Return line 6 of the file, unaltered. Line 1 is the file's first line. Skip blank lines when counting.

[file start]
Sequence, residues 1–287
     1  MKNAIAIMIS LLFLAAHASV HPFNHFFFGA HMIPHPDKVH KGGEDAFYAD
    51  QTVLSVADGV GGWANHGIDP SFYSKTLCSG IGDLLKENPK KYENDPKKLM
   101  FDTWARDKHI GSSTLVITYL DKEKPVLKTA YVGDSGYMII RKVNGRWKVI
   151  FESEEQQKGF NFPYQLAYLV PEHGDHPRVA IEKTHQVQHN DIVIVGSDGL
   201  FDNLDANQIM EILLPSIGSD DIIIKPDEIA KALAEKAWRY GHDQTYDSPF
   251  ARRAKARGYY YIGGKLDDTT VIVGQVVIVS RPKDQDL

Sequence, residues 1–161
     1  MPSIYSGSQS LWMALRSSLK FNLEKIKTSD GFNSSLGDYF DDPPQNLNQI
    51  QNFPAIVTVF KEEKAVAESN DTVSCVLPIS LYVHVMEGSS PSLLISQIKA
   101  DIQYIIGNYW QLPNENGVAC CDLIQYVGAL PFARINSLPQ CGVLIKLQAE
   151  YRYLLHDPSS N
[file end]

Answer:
   201  FDNLDANQIM EILLPSIGSD DIIIKPDEIA KALAEKAWRY GHDQTYDSPF